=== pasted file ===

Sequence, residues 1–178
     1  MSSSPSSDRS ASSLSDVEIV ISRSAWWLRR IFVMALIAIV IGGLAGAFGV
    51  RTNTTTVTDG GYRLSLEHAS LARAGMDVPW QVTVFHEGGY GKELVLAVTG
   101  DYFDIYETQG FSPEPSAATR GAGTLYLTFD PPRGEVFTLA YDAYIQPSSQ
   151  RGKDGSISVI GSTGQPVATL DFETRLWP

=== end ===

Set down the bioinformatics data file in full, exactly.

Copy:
Sequence, residues 1–178
     1  MSSSPSSDRS ASSLSDVEIV ISRSAWWLRR IFVMALIAIV IGGLAGAFGV
    51  RTNTTTVTDG GYRLSLEHAS LARAGMDVPW QVTVFHEGGY GKELVLAVTG
   101  DYFDIYETQG FSPEPSAATR GAGTLYLTFD PPRGEVFTLA YDAYIQPSSQ
   151  RGKDGSISVI GSTGQPVATL DFETRLWP